490 F2d 21 Moses v. Kinnear
490 F.2d 21
Jack MOSES, Puyallup Tribe, Plaintiffs-Appellants,
George KINNEAR, as director of the Department of Revenue,
State of Washington, Defendant-Appellee.
Nos. 71-2605, 71-2672.
United States Court of Appeals, Ninth Circuit.
Nov. 2, 1973, As Amended Jan. 9, 1974.
John Sennhauser (argued), of Seattle Legal Service Center, Seattle, Wash., Arthur Knodel, Tacoma, Wash., for plaintiffs-appellants.
Timothy R. Malone, Senior Asst. Atty. Gen. (argued), Olympia, Wash., Slade Gorton, Atty. Gen., James A. Furber, Sp. Asst. Atty. Gen., Tacoma, Wash., for defendant-appellee.
Before BARNES and CHOY, Circuit Judges, and JAMESON,* District judge.
JAMESON, District Judge:
This is a consolidated appeal from a district court order staying proceedings in two cases 'pending exhaustion of state remedies by plaintiffs'.
These actions were commenced by plaintiff-appellant Jack Moses, an enrolled member of the Puyallup Tribe, and Corwin King, an enrolled member of the Samish Indian Tribe, against defendant-appellee, the Director of the Washington Department of Revenue, seeking declaratory and injunctive relief against the imposition of excise taxes by the State of Washington upon the sale, possession and use of cigarettes and other tobacco products sold by Moses on Indian trust land outside the exterior boundaries of the Puyallup Reservation1 and by King on land within the exterior boundaries of the Reservation. The district court granted leave to appellant Puyallup Tribe to intervene as a party plaintiff in both actions.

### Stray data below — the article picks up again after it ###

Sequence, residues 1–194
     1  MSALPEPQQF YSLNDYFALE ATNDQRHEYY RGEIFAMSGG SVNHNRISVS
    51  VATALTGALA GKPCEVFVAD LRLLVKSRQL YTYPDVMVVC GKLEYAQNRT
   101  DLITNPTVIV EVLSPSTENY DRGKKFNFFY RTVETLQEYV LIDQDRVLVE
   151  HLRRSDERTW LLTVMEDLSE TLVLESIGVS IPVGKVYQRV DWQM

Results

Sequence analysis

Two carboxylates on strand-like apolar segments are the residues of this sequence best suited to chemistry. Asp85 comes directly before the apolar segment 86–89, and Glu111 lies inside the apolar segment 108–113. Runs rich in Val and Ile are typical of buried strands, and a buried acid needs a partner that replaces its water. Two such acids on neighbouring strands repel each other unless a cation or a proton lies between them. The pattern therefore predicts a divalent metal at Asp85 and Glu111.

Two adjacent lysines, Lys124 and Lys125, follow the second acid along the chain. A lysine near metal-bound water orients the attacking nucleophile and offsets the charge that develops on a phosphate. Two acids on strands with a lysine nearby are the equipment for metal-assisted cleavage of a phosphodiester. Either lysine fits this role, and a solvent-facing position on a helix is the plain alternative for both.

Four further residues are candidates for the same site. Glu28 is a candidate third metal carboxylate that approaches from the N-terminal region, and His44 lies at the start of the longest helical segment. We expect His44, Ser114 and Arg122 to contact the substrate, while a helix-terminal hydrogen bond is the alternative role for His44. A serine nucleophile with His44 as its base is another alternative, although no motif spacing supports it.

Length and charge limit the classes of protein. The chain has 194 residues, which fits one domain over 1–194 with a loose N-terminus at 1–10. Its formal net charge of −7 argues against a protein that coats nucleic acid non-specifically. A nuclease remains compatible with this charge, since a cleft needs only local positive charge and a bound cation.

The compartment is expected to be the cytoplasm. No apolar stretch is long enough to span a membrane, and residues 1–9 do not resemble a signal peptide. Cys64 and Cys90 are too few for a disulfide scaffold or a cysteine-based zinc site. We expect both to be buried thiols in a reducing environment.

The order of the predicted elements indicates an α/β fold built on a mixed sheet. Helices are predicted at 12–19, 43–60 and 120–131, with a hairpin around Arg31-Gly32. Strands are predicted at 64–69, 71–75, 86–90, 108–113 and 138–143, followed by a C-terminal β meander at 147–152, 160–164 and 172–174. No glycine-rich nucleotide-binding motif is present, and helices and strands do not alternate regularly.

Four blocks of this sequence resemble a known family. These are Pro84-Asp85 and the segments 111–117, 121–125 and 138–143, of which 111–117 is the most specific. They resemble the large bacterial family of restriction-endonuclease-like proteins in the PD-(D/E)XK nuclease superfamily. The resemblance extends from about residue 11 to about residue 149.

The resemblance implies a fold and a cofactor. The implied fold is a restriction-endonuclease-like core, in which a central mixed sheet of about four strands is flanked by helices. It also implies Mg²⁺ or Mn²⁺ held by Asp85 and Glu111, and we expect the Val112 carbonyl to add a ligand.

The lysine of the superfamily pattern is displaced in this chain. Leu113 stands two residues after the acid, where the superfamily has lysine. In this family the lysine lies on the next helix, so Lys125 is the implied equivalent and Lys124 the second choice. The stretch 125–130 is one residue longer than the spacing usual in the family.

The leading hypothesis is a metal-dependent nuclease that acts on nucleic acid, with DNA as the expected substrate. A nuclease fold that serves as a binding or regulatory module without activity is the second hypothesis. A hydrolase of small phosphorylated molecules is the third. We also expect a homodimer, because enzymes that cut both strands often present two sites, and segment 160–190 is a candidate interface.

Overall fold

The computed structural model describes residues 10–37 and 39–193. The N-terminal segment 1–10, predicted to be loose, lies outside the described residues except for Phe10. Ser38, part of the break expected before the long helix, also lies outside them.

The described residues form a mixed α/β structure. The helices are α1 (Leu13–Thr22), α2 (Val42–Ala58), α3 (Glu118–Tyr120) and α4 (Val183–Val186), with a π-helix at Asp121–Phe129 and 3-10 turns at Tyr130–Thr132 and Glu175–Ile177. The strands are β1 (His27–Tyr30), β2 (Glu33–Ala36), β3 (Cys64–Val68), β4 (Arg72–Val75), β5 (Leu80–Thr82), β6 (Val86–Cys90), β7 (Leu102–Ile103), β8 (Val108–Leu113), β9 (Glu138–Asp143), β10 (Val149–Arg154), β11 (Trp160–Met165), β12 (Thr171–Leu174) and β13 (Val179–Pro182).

On August 6, 1971 the district court entered an order applicable to both cases assuming, but not deciding, that it had jurisdiction and staying all proceedings pending exhaustion of state remedies. Jack Moses and Puyallup Tribe appealed from the stay order.2 The issues on this appeal are (1) whether the stay order of the district court is appealable; and (2) if so, whether the stay order was proper.
Following oral argument on appeal an order was entered deferring a ruling in these cases until the Supreme Court decided three cases in which certiorari had been granted or probable jurisdiction noted, i.e., Mescalero Apache Tribe v. Jones et al., McClanahan v. Arizona State Tax Commission, and Tonasket v. The State of Washington.3
Mescalero Apache Tribe and McClanahan were decided on March 27, 1973.4 On April 24, 1973 a per curiam was entered in Tonasket reading as follows:
'The judgment of the Supreme Court of Washington is vacated, and the case is remanded to that Court for reconsideration in light of 6 and 7 of c. 157, 1972 Session Laws of the State of Washington, and this Court's decision in McClanahan v. Arizona State Tax Comm'n, No. 71-834 (March 27, 1973).' 411 U.S. 451, 93 S.Ct. 1941, 36 L.Ed.2d 385.